7. Demons I get, people are crazy

When you spend 90% of your time hunting ghosts and demons, human interactions aren't always a top priority. Yet humans are capable of much worse evil than the demons the Winchesters hunt — without the whole "I'm evil" excuse. It's only (super)natural that occasionally, the Winchesters run into human monsters in their pursuit to rid the world of less corporeal evil. In the Season 1 episode "The Benders" and the Season 4 installment "Family Matters," humans are responsible for the grisly murders that the Winchester brothers initially attribute to supernatural entities.

In "The Benders," a family of incestuous creeps has apparently read "The Most Dangerous Game" a few too many times. Their idea of fun is caging humans and hunting them like deer. When Dean figures out what's going on, he says, "Demons I get, people are crazy." And while using the word crazy as an insult is less than ideal, we'll give him a pass on this one.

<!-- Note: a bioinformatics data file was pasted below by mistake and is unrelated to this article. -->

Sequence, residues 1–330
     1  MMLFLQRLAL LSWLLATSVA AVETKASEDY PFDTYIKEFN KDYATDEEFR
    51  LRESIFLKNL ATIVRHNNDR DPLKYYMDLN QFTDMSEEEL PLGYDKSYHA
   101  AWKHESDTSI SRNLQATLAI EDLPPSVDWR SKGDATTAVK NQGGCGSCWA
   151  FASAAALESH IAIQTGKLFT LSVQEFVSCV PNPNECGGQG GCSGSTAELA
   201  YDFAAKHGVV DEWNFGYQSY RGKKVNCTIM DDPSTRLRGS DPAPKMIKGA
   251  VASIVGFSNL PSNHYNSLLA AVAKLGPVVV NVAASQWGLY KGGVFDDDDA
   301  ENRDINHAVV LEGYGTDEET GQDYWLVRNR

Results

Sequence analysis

That being said, even when Dean's tied up, the one-liners don't stop. He quips, "Eat me," to the homicidal family before adding, "No, no, no, wait, wait, wait ... you actually might." Dean later parrots his disappointment in the human race during "Family Remains" with the line, "Humans, man." Humans indeed.

6. Dude, you fugly

If Eric Kripke's "The Boys" taught us anything, it's that if "Supernatural" wasn't on a network TV station, Dean Winchester would drop the F-bomb every other sentence. Instead, he has to resort to network-approved language like his patented "Son of a b****," "hell," and worst of all, "friggin'." Yet sometimes, the show sidesteps this red tape. In the documentary-style episode "Ghostfacers," we realize just how much Dean drops curses more substantial than "damn" as he's significantly bleeped throughout the episode.

Similarly, in the Season 1 episode "Scarecrow," Dean is less than thrilled at the prospect of getting sacrificed to a Pagan god by a creepy picturesque town that seems too good to be true. What a diva. When Dean first sees the Scarecrow, he gets around the no-cursing mandate by saying, "Dude, you fugly." Anyone with an imagination can fill in the blanks at what the letter before ugly stands for.